Pomander

Published on Wednesday January 16th, 2013

My dear friend Mia produced a lovely baby at the end of December. This was a second baby, and it’s my personal feeling that little siblings born into a life of hand-me-downs deserve something special on the knitterly front—something created just for them. And I was feeling creative, so I thought I’d cook up a spanking new cardigan for this wee person. I wanted to nod to the season without going Full Reindeer Jumper, so I began to think about festive garlands of greenery, spiced cider, and the fragrant pomanders we used to make by spiking oranges with cloves. I swatched a sort of coin motif filled with seed stitch, imagined it swagged around the yoke, and a Pomander cardigan was quickly and pleasurably born. The chart is giving me fits and rendering me totally daft—making charts with changing stitch counts always does that to me—but as soon as I’ve wrestled it into submission the pattern will be ready for testing.

I used Oceanwind Knits BFL Fingering, remnants from my Pas de Valse. I love this yarn. It is much more softly spun than almost kinky BFL fingering weight you’ve probably seen indie dyers offering as sock yarn. (I love that stuff, too, as it happens, but think Oceanwind’s base makes a nicer sweater if you don’t need it to wear like iron.) Blue Moon Fiber Arts’ BFL Sport would be a good alternative, although it’s a bit heavier and you might need to knit a size down on a larger needle. I think Pomander would be glorious in The Fibre Company’s Canopy, too… I might take the chance to finally try knitting that stuff after years of fondling it in yarn shops. A more tightly spun sock yarn would yield a different look—less halo, more pop to the yoke motif—that could be very pleasing, too.

Mia didn’t know what flavor of baby she’d be having, so I tried for Generally Cute rather than Gendered Cute. As it happens, wee Margaret is a girl, but I think her sweater looks pretty great on my own strapping lad, too. (You’ll notice I went with girl-wise buttons, but honestly I think gendered button placement is silly for anyone these days, especially babies. I’m told the left vs. right conventions originate with gentlemen buttoning themselves vs. ladies being buttoned by maids. But no six-month-old gentleman is going to be buttoning himself, and it’s only easier to fasten someone else’s buttons when they’re placed on the right side of the cardigan if the buttoner is right handed, anyway. I say put the buttons wherever you like.)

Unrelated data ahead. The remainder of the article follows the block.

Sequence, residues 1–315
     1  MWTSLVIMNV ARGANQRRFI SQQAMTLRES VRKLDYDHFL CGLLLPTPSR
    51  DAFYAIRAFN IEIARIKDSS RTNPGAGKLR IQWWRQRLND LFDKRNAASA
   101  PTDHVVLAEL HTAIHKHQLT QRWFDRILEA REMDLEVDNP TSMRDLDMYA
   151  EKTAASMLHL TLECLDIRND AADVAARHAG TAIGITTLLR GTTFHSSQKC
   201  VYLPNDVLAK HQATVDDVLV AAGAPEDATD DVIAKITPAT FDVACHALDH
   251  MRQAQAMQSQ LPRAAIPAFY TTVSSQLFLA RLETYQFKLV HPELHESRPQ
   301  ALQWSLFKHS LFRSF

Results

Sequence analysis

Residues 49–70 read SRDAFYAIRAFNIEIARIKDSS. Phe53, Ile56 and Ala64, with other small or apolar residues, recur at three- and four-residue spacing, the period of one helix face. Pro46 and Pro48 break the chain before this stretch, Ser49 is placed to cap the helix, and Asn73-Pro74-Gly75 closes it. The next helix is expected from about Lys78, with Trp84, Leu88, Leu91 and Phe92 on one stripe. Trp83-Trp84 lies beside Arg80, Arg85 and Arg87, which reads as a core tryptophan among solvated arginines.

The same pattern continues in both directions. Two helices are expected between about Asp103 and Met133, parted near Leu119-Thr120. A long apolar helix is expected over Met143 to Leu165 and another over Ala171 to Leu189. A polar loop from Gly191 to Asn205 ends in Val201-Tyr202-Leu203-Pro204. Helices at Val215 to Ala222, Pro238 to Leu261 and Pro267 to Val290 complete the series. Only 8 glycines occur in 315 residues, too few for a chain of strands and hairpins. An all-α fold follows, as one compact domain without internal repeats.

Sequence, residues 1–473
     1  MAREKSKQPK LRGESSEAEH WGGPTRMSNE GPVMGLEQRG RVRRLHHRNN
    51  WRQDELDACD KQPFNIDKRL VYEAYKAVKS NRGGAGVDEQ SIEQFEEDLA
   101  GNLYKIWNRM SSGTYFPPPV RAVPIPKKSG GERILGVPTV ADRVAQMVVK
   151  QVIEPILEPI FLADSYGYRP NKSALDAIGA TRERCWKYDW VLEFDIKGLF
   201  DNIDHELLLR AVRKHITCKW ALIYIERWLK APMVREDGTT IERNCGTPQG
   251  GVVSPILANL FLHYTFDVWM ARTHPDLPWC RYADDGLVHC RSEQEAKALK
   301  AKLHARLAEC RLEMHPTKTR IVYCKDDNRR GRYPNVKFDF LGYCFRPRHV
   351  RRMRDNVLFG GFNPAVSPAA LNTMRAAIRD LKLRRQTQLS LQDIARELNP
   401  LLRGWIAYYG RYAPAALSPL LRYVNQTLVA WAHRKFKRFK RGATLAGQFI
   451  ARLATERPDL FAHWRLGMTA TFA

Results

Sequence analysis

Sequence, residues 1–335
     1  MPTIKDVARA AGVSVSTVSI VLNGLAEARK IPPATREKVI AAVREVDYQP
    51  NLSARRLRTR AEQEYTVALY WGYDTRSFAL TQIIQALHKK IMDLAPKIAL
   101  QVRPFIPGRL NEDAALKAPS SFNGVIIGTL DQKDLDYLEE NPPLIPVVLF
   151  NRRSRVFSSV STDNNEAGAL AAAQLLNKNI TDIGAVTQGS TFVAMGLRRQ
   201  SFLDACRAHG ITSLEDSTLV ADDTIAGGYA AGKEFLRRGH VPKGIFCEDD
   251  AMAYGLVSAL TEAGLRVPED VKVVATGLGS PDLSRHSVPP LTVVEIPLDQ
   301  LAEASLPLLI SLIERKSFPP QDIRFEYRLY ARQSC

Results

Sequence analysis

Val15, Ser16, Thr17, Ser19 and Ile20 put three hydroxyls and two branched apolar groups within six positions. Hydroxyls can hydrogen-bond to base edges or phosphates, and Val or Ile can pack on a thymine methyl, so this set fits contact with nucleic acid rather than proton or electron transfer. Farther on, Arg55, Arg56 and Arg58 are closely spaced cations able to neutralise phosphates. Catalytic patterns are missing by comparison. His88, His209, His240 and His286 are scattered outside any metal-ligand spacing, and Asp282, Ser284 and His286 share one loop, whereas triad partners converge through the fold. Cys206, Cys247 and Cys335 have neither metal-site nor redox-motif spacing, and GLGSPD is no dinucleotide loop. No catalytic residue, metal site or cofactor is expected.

Jolyon can’t sit reliably without a spotter yet, so I tried to get his sister to prop him up for some clear shots of the front. Here’s the best photograph that approach yielded:

To be fair, she only has ten pounds’ advantage. And he’s kind of a flailing handful when he’s excited. The cardigan is a bit snug on my big boy, you’ll notice. But this is the 3-6-month size he’s wearing, his 6-month birthday was on the winter solstice, and he’s a large specimen, so don’t judge the fit by these pictures. I was kind of amazed it fit as well as it did… three cheers for stretchy knitting!

We four say welcome, Baby Margaret! You landed a fine family and a knitting mama (I happen to know there’s a super cute pair of owl mittens waiting for you in a couple of years)… and that’s a fair start in this world.

11 Comments to “Pomander”

  1. Prairiepoet Comment Says:

    The cardigan and the baby are darling. I’ll look forward to the pattern. If Baby Margaret is as sweet as Jolyon (and I’m sure she is) she if off to a good start in life. And she has a sweet warm sweater.

  2. Sophie o. Comment Says:

    This is a beautiful and very cute cardigan! I knew about different sides of buttoning but didn’t know the reason, thanks for the info. It will be very useful to me as I’m pregnant and don’t know the flavour yet (love this expression) and I was wondering which side to place the buttons on :)
    I’d love to test your pattern – if you don’t already have an army of testers, otherwis I’ll eagerly wait for the pattern to be released.

  3. Seanna Lea Comment Says:

    The sweater is super cute. I need to double check when my next round of baby knitting is due by, and get to it. I think I have a bare two weeks because I think I misjudged the time available.

  4. Susan Comment Says:

    Such a sweet little sweater! I have to admit I never have, and probably never will, understand gender button placement. I can’t wrap my mind around why they have to be different.

  5. linken Comment Says:

    Beautiful. :) Are those cables down the sleeves? Now you have me racking my brain to think if any of my friends need sweaters for little ones…this sweater is timeless…alas after 8 years, we seem to be in a lull. (This sweater would look smashing in handspun too. Ooh. Now I have to go dig through the fiber stash!)

    P.S. Your little ones are adorable! Too funny about your eldest only having 10 lbs on the youngest. (Similar story over here- however my middle child just now surpassed my eldest. But we are trying to keep it a secret. ;))

  6. lizzie Comment Says:

    Well, you can tell Ada is doing her best in an unwieldy situation. I cant figure out the button placement either, my mother s generation was the last one to nail that.
    Beautiful kids and beautiful sweater………

  7. Kristyn Comment Says:

    The cardigan is sweet and the model even sweeter.

  8. Laura Comment Says:

    I love this cardigan! Looking forward to the pattern – I have a new niece to knit for!

  9. Jennifer Comment Says:

    I love that design!! When the pattern is ready I’d love to attempt it. Your photos are great!

  10. Rose Comment Says:

    Gorgeous sweater, anxiously awaiting the pattern!

  11. April Comment Says:

    Love the detail on the Pomander! I hope the pattern is forthcoming. (Your kids are precious too!)

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